In a recent interview with CBC Radio, entrepreneur Bas Lansdorp spoke of his space project, Mars One, and the search underway for people willing to travel to Mars (with the caveat it would be a one-way ticket).

While trips carrying humans to certain off-Earth destinations may still be years away, space tourism continues to grow as an industry, and a handful of well-heeled private citizens have already taken the journey to the final frontier, or at least as far as the low-orbit International Space Station. 

So how close are we to sending people to other planets or moons?

Mars

Lansdorp's Mars One has set its sights on the red planet, with a goal to establish a human settlement there by 2023. Lansdorp believes the technology to get humans to Mars exists, but not to bring them back, meaning these astronauts would effectively be emigrants, travelling there, living there and also dying on Mars. 

He said his organization has already received 8,000 emails from people interested in the space trek.

It would cost about $6 billion US to send the first four astronauts, he said, and $4 billion for every crew thereafter. Investors, company sponsorships, donations and future broadcasting rights would help fund the project.

Once these adventurers land on Mars, following a seven-to-eight month journey, they would settle in inflatable components, which contain bedrooms, working areas, a living room and a "plant production unit," where they would grow greenery.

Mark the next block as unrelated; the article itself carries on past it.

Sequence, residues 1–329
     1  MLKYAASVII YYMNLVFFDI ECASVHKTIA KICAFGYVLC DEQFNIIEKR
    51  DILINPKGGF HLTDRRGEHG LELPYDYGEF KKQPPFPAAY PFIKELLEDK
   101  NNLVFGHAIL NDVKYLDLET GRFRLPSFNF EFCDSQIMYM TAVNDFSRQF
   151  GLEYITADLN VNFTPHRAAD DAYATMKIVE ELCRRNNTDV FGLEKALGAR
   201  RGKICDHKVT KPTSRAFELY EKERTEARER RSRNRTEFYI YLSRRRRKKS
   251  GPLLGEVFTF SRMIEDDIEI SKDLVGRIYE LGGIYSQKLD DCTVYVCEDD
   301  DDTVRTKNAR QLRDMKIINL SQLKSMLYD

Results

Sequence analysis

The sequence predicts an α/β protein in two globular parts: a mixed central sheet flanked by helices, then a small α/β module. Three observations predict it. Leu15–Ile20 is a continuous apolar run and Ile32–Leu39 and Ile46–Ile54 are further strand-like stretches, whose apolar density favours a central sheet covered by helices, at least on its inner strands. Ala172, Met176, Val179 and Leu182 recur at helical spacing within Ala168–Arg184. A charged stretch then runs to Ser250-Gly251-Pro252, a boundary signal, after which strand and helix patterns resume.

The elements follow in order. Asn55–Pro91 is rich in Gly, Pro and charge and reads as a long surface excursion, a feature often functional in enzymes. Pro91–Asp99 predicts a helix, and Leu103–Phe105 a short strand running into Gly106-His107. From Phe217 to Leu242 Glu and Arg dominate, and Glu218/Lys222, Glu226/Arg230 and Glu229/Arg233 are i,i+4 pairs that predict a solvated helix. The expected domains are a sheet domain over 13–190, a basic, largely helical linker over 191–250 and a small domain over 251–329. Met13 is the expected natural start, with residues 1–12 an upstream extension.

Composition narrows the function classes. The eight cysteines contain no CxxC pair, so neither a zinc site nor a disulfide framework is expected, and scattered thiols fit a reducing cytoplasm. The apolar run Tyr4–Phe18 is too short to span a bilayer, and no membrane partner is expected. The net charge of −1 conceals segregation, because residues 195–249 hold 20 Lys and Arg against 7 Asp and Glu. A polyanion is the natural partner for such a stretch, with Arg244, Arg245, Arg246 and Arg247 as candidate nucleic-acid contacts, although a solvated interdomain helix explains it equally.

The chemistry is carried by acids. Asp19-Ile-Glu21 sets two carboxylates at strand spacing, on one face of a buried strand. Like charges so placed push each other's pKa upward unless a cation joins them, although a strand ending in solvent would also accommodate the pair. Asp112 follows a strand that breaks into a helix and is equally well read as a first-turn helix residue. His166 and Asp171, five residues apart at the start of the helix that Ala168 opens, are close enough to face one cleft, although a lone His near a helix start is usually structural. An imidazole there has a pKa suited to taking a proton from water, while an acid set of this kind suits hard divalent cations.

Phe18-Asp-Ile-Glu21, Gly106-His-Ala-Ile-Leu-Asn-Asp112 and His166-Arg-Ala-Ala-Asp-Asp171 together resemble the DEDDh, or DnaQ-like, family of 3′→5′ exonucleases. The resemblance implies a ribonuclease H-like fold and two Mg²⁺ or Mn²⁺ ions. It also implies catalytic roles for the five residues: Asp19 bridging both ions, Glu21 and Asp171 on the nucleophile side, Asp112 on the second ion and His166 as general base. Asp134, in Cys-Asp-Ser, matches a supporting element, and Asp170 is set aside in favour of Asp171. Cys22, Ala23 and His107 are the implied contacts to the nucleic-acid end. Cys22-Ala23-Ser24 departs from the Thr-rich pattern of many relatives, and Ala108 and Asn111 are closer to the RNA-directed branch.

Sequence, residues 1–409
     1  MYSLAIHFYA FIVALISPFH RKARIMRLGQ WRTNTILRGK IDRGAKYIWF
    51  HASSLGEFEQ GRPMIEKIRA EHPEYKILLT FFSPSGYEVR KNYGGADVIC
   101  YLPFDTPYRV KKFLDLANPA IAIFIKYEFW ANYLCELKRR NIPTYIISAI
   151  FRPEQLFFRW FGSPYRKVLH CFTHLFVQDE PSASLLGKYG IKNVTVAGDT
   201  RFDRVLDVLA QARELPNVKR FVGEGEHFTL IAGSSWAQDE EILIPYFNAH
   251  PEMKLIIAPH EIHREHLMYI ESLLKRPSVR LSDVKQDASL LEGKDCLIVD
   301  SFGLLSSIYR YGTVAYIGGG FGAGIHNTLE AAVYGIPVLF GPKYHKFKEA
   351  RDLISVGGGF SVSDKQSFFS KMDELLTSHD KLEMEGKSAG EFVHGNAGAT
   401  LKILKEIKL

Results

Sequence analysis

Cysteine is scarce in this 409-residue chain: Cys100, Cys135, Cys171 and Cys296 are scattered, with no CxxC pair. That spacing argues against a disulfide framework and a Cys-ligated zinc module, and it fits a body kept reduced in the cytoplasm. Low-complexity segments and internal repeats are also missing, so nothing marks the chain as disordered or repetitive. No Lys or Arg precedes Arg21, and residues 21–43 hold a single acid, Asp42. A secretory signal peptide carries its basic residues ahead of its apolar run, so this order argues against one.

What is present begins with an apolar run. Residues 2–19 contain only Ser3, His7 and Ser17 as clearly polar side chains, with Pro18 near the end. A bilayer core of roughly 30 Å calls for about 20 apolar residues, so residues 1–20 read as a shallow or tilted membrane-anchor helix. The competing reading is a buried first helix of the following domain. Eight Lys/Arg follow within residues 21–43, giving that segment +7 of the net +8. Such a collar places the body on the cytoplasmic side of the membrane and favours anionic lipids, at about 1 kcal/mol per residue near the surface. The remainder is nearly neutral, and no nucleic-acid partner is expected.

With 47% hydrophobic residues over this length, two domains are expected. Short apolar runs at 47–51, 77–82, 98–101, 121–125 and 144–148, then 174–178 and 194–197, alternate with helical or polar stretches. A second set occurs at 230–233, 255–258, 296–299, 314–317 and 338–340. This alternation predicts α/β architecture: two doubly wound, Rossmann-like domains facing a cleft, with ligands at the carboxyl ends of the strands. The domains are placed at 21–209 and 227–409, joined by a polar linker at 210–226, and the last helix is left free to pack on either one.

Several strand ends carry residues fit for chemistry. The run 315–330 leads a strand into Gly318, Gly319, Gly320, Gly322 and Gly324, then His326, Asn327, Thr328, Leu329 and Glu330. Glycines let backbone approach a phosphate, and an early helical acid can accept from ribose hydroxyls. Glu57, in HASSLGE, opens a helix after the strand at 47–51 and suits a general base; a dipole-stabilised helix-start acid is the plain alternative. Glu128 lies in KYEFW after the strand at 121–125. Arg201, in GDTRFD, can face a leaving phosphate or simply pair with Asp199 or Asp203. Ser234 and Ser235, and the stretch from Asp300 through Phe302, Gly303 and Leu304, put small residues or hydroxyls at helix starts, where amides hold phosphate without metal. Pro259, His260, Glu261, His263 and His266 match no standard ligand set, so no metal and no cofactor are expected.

"They will also be able to shower as normal, prepare fresh food (that they themselves grew and harvested) in the kitchen, wear regular clothes and, in essence, lead typical day-to-day lives," the Mars One website says.

But Lansdorp isn't the only player in the going-to-Mars business. Multimillionaire Dennis Tito, the first space tourist to privately fund his trip to the International Space Station in 2001, recently announced the creation of the Inspiration Mars Foundation.

Its plan is to send a man and a woman on a  privately funded, 501-day trip to Mars and back in 2018. They would come within 160 kilometres of the surface of Mars, then head back to Earth.

The moon

During the Republican primaries last year, former House speaker Newt Gingrich received some ribbing when he pledged to establish a moon base by 2020 if he became president. Although Gingrich was criticized for being overly optimistic, there are projects in the works to take earthlings to the moon.

The Golden Spike Company said it plans to offer routine exploration expeditions to the surface of the moon. It estimates the cost for a two-person fully automated mission at $1.4 billion, or about $750 million per person,  by 2020 . It says it would use existing rockets and raise money by marketing its service to nations, individuals or corporations.

Space Adventures, the space tourism company that offers private citizens trips to the International Space Station, also said it has designed a "circumlunar mission" to the moon.

lunar-module

This image shows an artist's rendition of Space Adventures' proposed Lunar Propulsion and Habitation Module docking with Soyuz. (Space Adventures)